My big-ass server for home arrived yesterday and, much to Kathi’s horror, it’s huge. Here’s the basic spec:
- Dell PowerEdge 2900 III
- Two quad-core Xeon processors
- 16 GB RAM
- Two 300 GB SATA HDDs (not much, I know, but there’s still six empty drive bays to fill)
- Two Gigabit NICs
- VMWare ESX 3.5 installable (yet to be installed)
What the hell do I need a monster like this for?
Since I’ve made the move from working for small to medium business to working for global enter prises such as Rio Tinto (among others), I need to learn and practice and keep up-to-date with enterprise-level tech. The keys to enterprise technologies at the moment and for the foreseeable future centre around ideas of virtualisation, that is, bundling a bunch of computers onto a big-ass server such that each computer is tricked into believing it’s running on its own dedicated hardware. The benefits are that you minimise hardware costs and can take advantage of other enterprise technologies such as clustering, load balancing and failover to ensure high availability of all servers.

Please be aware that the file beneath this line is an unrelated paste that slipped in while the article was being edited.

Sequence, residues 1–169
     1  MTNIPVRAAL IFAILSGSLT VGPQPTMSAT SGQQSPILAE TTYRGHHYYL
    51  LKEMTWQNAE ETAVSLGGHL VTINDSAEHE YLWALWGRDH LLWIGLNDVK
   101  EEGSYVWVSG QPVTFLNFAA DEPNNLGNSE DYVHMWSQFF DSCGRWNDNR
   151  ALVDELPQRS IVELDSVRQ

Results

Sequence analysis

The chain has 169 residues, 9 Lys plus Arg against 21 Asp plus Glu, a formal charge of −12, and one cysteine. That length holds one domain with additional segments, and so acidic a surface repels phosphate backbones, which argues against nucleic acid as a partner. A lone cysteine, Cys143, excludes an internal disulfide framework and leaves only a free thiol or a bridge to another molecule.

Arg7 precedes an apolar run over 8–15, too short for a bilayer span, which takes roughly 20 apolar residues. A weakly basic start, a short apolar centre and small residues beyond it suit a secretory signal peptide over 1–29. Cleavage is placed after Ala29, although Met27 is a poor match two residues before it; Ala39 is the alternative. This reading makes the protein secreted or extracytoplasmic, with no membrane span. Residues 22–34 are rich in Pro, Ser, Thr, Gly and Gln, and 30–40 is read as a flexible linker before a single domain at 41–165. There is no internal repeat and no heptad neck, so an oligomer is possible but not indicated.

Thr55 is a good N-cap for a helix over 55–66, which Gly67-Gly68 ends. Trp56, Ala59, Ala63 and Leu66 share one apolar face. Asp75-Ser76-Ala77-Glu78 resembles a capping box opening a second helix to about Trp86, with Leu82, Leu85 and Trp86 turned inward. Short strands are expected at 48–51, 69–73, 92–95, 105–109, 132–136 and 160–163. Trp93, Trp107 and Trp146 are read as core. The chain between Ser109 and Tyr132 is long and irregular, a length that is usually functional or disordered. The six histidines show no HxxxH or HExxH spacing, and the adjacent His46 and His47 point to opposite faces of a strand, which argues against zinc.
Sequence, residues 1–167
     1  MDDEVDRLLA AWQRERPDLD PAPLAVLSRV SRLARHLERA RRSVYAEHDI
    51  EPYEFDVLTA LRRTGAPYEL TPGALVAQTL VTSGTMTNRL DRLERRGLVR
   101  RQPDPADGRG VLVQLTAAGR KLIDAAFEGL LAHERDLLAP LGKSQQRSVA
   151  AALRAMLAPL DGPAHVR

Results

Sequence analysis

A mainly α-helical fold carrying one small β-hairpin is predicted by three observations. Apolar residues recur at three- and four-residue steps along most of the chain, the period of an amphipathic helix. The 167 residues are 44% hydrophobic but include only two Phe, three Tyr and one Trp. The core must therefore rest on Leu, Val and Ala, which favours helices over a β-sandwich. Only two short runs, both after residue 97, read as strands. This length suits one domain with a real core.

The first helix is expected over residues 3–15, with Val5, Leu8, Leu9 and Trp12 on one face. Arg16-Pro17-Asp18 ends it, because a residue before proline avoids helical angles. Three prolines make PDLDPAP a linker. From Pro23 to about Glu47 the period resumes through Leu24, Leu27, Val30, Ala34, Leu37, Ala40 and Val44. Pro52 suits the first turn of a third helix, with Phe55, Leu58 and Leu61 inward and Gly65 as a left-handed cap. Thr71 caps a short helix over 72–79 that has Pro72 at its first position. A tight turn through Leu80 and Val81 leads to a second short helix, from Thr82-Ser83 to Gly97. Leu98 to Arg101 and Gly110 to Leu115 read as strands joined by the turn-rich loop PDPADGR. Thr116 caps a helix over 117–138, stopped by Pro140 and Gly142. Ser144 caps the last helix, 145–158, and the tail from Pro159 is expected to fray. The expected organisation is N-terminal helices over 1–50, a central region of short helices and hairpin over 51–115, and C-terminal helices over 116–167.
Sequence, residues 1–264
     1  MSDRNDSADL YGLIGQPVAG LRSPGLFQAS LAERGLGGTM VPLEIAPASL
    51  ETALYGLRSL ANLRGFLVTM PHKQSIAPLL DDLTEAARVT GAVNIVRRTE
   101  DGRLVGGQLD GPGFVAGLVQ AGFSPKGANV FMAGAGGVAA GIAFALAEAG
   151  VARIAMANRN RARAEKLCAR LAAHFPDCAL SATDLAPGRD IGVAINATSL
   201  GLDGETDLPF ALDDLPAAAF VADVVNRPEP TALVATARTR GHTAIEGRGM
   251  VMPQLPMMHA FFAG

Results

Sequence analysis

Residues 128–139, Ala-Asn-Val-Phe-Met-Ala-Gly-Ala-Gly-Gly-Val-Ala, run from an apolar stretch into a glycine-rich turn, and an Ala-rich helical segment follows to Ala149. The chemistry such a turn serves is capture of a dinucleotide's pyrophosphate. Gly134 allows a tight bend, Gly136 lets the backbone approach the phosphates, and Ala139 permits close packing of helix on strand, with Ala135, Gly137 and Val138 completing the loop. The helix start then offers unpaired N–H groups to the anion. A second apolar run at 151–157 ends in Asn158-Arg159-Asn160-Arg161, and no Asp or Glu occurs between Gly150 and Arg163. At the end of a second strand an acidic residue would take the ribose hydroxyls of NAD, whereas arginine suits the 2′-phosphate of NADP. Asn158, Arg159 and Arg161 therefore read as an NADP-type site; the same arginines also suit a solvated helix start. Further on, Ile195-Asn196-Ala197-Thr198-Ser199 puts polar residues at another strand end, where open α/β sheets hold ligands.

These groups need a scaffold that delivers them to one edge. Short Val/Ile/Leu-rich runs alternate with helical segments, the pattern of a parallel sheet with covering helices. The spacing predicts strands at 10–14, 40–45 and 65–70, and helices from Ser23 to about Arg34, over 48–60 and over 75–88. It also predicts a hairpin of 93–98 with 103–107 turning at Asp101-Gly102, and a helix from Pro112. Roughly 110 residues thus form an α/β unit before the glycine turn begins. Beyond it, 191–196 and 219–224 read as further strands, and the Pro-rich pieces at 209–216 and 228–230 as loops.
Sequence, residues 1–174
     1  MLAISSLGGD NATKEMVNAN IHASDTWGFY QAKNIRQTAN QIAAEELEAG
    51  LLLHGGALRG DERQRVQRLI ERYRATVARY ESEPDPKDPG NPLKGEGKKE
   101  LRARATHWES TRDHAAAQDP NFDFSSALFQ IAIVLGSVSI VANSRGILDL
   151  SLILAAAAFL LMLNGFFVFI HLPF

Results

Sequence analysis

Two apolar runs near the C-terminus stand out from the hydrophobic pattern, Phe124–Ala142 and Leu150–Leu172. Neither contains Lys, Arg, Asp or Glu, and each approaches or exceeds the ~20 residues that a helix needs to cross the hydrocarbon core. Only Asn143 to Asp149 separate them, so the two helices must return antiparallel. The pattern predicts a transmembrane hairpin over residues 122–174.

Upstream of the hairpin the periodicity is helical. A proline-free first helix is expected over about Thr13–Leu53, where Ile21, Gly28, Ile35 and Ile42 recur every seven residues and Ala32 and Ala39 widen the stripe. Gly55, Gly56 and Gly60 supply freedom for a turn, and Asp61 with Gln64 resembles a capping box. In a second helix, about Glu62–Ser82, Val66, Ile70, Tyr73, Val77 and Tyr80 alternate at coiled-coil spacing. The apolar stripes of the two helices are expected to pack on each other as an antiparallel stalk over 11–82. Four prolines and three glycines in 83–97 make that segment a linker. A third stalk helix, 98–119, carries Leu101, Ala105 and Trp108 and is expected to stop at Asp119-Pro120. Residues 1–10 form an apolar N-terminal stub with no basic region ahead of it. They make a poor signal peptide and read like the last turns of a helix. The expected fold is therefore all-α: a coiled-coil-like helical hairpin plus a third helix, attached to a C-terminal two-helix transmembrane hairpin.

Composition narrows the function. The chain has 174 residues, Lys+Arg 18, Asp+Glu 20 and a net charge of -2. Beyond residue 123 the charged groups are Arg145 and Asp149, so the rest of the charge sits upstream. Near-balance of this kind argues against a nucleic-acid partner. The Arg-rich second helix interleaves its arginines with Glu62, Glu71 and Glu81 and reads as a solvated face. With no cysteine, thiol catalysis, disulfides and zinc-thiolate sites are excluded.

That’s the officialese out of the way. What am I going to use my new toy for?
A couple of things:
- Creating a dedicated test environment with automated rebuild ability so that I can train myself in managing and manipulating VMWare guest (ie: virtualised) computers. I can push each virtual test machine until I break it and then rebuild it to the second before it broke almost instantly. No more wasting time reinstalling the OS, apps and configuring the broken machine.
- Stop the need to scrounge for bits. I tend to spened a lot of time begging, borrowing and stealing computer bits to keep a bunch of clapped-out personal computers running so that I can dodgy them about so that I can learn server products. Now I’ll have dedicated hardware with a warranty that will last me a number of years and which can change to meet the needs of the moment.
- If I ever get off my increasingly overweight butt and start producing audio dramas for podcast, I’ll need a grunty computer for audio processing. As far as a server which can be sqqueezed into a home budget and computing environment, they don’t come much gruntier.
- Geeking out over cool tech. This point is self-explanatory.